• Making data structures flexible and open to future development, even though this could mean that they require more memory.
  • Premature optimization is the root of all evil (or at least most of it) in programming.
  • Matplotlib has four different line styles, and how to define them.
  • Objects can be stored in lists like any other variables.

Section 10

  • Using the class Line as a basis to implement class Turtle, a simplified version of the well known Python Turtle Graphics:
    • Attributes: posx, posy, angle, linewidth, linecolor, linestyle, drawing, lines.
    • Methods: __init__(), go(), left(), right(), penup(), pendown(), goto(), back(), set_angle(), show(self), width(), color(), style(), get_length(), get_area().
  • Practicing working with exceptions.
  • Exploring additional useful functions of Matplotlib.

Unit 3 (Object-Oriented Programming II)

Section 11

  • Static methods and when they can be useful.
  • How to derive a subclass from a superclass.
  • When a new subclass should be created, as opposed to modifying the original class.
  • If the superclass has attributes, then the constructor of the subclass must call the constructor of the superclass.
  • Using the function super() to access the superclass.
  • Subclasses can add new attributes and methods, as well as override methods.
  • Importance of a well-designed class hierarchy.
  • What is polymorphism and when it can be useful.
  • What are abstract methods and abstract classes, and when they can be useful.
  • Using the abc (Abstract Base Classes) module.
  • Using ternary conditional expressions.

Section 12

  • Programming practice: Upgrading the Graphics Editor from Python Fundamentals to an object-oriented design (Phase 1).
  • Designing a base class Shape with 6 attributes and 20 methods.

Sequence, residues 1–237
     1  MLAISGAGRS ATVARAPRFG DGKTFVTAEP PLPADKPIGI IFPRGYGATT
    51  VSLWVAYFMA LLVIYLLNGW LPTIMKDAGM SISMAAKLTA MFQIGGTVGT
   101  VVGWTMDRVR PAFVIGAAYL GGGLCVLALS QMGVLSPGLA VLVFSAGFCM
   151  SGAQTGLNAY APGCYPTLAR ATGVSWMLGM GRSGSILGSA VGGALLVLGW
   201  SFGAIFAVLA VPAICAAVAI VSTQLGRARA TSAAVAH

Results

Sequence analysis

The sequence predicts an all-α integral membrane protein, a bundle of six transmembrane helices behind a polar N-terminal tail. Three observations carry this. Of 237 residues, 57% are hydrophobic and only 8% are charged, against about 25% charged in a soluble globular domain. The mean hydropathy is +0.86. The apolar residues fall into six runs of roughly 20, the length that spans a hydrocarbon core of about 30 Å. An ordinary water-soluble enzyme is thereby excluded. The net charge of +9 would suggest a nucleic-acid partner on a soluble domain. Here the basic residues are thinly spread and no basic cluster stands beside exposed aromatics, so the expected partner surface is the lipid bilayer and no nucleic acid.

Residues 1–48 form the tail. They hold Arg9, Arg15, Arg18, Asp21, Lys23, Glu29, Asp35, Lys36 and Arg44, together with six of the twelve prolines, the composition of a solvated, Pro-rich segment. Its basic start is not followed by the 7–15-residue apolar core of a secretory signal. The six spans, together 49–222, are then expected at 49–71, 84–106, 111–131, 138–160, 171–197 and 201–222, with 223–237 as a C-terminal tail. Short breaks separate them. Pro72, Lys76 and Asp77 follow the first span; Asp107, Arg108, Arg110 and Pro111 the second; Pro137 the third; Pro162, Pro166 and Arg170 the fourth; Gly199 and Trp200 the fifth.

• Meaning of single and double underscores in the names of class attributes and methods.
  • Review: PEP 8 – Style Guide for Python Code, copying lists via slicing, list comprehension, shallow and deep copying, obtaining memory addresses of Python objects, accessing class attributes via dedicated class methods.

Section 13

  • Programming practice: Upgrading the Graphics Editor from Python Fundamentals to an object-oriented design (Phase 2).
  • Designing and implementing a hierarchy of classes to represent 10 basic geometric shapes.
  • Practicing class creation and inheritance.

Section 14

  • Programming practice: Upgrading the Graphics Editor from Python Fundamentals to an object-oriented design (Phase 3).
  • Designing and implementing class Figure to represent figures consisting of one or more basic shapes.
  • Practicing class creation and inheritance.

Section 15

  • Programming practice: Upgrading the Graphics Editor from Python Fundamentals to an object-oriented design (Phase 4).
  • Designing and implementing three different classes SimpleDrawing, SmartDrawing, and TechDrawing based on three different use cases.
  • Analyzing an example of bad object-oriented programming.
  • In OOP, classes should always work with their own attributes, not with the attributes of other classes.
  • Multiple inheritance, its applications, and its limitations.
  • Multiple inheritance vs. standard inheritance.
  • The Diamond Problem and when it represents a real problem.
  • Mixin classes.

Unit 4 (Selected Advanced Techniques)

Section 16

  • Recursion and its applications.
  • Flattening lists.
  • Polish (prefix) notation.
  • Interactive input.
  • Functions eval() and exec().
  • Variadic functions.
  • Anonymous (lambda) functions.

Section 17

  • Various types of tree data structures.
  • Using recursion to work with binary trees.
  • Iterables and iterators, functions iter() and next().
  • Built-in functions any() and all().
  • Defining custom iterators from scratch.
  • Making iterators via generator functions and generator expressions.
  • Applying maps and filters to data, functions map() and filter().
  • Using the function reduce() for cumulative operations with iterables.

Section 18

  • Using metasyntactic variables.
  • Working with names and namespaces.
  • Creating modules and packages.
  • Using built-in decorators.
  • Creating custom decorators.
  • Writing decorators with parameters.
  • Queuing (chaining) decorators.
  • Decorating class methods.
  • Making Python classes callable.
  • Working with JSON and XML data.

Section 19

  • Overview of the Pandas and Seaborn libraries.
  • Structure of Pandas DataFrames.
  • Entering data into a DataFrame.
  • Creating scatter plots, regression plots, and residual plots with Seaborn.
  • Using the residual plot to justify the linear regression model.
  • Making simple predictions.

Section 20

  • Using Pandas to read files from the hard disk or from a URL.
  • Obtaining the number of rows and number of columns of a DataFrame.
  • Obtaining the list of all column names of a DataFrame.
  • Displaying the beginning and the end of a DataFrame.
  • Other operations with DataFrames.
  • Cleaning data.